Dr. Richard Falk, the United Nations Special Rapporteur on Palestinian human rights, has raised more than a few eyebrows among high ranking U.N. and governments officials for his remarks relating U.S. foreign policy to the Boston Marathon bombings.
In an editorial published in the Foreign Policy Journal, Dr. Falk blamed America's pro-Israeli stance as a catalyst fueling anti-American sentiment leading up to the attacks. Although the killing of innocent lives is never justifiable, the Professor Emeritus of International Law at Princeton Universityit explains how it is certainly understandable.
"It is horrible, but we in this country should not be too surprised, given our drone attacks that have unwittingly targeted weddings and funerals in Afghanistan and Pakistan," writes the U.N. special investigator, citing a caller he heard on a PBS program.
Dr. Falk continued to link the Boston marathon bombings to America's superpower status, stating, "the American global domination project is bound to generate all kinds of resistance in the post-colonial world."
Falk also said "as long as Tel Aviv has the compliant ear of the American political establishment, those who wish for peace and justice in the world should not rest easy." He said President Barack Obama hasn't adopted a "more balanced approach to the Palestine/Israel impasse." Instead, Falk accused Obama of "succumbing to the Beltway ethos of Israel first."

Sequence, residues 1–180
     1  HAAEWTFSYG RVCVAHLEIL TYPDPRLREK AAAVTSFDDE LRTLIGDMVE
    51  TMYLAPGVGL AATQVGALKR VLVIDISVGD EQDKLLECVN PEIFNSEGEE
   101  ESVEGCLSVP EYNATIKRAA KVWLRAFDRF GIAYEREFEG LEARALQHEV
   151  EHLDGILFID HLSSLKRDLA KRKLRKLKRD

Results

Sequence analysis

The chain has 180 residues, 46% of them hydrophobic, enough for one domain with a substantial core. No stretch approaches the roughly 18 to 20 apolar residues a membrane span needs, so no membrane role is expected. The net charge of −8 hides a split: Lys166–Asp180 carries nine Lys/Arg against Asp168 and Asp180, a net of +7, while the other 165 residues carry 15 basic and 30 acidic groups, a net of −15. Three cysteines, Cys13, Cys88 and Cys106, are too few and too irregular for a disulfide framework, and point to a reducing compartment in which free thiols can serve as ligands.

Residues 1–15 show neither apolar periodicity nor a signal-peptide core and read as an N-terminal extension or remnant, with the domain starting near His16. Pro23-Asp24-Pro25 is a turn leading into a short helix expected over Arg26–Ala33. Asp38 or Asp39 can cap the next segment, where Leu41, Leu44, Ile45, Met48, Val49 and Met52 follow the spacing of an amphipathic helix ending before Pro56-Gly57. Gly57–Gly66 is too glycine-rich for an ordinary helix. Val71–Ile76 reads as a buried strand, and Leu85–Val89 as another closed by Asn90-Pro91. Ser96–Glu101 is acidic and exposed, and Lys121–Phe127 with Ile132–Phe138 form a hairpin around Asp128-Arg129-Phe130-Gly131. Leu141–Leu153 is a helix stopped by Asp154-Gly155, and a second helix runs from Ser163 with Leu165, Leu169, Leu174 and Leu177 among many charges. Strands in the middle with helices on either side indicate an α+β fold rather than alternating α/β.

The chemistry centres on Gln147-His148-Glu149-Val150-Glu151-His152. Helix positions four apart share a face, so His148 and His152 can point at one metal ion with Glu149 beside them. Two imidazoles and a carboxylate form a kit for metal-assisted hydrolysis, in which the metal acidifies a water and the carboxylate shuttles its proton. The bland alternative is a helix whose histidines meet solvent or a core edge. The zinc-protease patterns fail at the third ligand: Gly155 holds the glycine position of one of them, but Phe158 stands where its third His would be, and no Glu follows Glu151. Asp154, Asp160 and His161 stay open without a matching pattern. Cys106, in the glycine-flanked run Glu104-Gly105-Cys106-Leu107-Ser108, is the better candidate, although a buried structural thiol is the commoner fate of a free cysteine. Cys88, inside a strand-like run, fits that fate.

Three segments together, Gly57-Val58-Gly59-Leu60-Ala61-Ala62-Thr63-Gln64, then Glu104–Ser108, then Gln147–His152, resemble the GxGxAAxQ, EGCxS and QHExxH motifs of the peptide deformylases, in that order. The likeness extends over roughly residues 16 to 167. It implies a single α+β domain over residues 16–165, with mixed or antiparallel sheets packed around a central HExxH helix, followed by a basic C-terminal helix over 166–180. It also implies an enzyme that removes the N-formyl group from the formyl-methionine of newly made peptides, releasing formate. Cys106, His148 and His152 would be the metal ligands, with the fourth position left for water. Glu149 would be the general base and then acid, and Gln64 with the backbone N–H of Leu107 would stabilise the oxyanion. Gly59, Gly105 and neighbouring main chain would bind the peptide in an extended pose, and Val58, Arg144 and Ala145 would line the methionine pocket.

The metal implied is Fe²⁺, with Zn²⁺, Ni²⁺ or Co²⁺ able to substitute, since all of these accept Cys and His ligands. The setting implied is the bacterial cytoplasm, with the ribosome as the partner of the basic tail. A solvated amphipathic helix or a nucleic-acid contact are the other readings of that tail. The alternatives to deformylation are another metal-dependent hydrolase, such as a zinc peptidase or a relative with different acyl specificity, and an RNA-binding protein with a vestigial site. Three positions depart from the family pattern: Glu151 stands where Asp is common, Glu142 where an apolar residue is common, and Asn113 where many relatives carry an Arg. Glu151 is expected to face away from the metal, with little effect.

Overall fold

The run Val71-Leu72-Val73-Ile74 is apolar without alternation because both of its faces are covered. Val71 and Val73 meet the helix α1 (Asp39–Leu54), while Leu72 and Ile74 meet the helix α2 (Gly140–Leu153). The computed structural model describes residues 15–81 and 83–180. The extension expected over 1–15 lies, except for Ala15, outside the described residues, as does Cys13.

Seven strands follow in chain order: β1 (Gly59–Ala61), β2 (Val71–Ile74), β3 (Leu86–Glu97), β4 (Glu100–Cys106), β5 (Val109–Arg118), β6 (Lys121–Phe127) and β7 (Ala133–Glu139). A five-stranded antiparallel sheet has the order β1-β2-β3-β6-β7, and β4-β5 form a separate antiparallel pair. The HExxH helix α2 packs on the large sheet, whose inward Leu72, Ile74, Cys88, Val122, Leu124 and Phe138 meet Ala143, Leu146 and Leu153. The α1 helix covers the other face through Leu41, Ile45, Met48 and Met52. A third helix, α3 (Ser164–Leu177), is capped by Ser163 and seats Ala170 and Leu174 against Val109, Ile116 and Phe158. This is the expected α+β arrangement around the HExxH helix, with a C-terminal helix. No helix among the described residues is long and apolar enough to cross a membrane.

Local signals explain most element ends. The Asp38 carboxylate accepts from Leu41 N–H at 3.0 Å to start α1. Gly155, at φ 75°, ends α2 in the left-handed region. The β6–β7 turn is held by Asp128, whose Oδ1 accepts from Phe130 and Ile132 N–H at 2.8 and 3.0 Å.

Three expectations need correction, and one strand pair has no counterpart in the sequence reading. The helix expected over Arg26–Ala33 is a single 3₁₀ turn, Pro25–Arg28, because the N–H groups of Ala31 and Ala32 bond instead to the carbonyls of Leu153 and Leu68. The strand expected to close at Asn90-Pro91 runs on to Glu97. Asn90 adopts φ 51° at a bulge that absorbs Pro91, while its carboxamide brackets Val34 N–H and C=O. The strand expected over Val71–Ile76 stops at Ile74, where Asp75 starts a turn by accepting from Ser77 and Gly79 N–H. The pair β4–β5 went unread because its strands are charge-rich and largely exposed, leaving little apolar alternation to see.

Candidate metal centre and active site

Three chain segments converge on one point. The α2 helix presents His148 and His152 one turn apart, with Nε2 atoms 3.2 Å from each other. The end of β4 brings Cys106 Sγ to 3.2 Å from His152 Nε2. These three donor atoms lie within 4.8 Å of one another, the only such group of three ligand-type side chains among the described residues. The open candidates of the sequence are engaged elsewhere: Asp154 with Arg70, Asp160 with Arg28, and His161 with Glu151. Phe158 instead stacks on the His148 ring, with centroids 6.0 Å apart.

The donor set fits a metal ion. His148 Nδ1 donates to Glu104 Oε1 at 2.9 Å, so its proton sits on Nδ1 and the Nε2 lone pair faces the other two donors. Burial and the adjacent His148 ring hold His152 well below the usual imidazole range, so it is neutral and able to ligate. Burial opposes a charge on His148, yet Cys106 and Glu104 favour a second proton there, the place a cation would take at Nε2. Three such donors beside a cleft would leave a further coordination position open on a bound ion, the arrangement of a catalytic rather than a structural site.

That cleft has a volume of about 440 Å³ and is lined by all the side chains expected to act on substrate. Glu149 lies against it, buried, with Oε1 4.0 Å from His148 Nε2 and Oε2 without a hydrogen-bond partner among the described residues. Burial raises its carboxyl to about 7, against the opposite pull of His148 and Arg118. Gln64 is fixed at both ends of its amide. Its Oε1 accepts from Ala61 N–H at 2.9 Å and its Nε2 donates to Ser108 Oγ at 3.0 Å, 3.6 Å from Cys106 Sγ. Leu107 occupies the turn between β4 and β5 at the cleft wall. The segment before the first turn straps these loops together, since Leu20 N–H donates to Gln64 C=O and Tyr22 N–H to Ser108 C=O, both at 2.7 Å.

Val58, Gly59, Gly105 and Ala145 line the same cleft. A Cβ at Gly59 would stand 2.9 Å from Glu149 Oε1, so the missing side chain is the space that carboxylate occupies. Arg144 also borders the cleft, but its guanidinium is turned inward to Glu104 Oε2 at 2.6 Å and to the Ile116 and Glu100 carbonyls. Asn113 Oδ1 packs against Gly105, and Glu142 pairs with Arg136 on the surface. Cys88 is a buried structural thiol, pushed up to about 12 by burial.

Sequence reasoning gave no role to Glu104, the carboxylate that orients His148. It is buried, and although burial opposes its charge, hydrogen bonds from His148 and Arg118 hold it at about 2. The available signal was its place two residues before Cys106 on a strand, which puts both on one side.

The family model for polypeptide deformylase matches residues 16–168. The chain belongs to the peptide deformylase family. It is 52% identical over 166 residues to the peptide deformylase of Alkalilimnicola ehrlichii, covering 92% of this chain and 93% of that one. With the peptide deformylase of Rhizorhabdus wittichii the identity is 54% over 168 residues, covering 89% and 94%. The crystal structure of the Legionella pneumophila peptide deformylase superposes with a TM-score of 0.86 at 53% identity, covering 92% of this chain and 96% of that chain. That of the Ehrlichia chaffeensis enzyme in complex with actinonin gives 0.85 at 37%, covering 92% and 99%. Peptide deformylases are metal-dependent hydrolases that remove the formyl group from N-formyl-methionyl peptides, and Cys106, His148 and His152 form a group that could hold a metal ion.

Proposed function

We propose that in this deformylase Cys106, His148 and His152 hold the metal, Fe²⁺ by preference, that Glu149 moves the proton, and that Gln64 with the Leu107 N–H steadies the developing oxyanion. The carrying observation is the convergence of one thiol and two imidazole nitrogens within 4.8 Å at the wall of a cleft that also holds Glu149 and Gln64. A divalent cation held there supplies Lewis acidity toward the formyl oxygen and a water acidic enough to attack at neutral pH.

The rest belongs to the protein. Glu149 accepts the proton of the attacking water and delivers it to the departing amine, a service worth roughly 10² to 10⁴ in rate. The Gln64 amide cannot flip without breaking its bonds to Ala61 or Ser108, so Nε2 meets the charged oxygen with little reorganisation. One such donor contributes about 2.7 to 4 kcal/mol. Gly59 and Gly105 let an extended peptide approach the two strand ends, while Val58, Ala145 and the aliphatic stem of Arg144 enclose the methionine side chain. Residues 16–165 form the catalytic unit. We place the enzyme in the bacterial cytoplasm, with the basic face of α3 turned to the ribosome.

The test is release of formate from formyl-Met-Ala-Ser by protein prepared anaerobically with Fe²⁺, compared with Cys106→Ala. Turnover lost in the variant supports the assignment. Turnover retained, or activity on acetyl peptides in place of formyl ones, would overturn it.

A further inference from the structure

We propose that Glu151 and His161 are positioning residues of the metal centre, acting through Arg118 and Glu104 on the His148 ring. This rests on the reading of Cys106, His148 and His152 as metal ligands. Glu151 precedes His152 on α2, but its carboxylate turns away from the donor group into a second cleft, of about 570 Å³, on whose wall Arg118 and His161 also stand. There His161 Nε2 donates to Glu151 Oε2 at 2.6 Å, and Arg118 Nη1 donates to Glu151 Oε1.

In response, a number of U.N. officials have criticized the Jewish professor's remarks as anti-Semitic.
"Outraged by Richard Falk's highly offensive Boston comments," tweeted U.S. Ambassador Susan Rice. "Someone who spews such vitriol has no place at the UN. Past time for him to go."
In a statement, the British mission said this is "the third time we have had cause to express our concerns about Mr. Falk's anti-Semitic remarks. It is important to the U.K. that special rapporteurs uphold the highest standards in their work and we have twice previously made clear that remarks by Mr. Falk were unacceptable."
Israel has placed a ban on Falk from visiting the Palestinian territories because he has compared Israel's treatment of Palestinians with the horrors of Nazi Germany.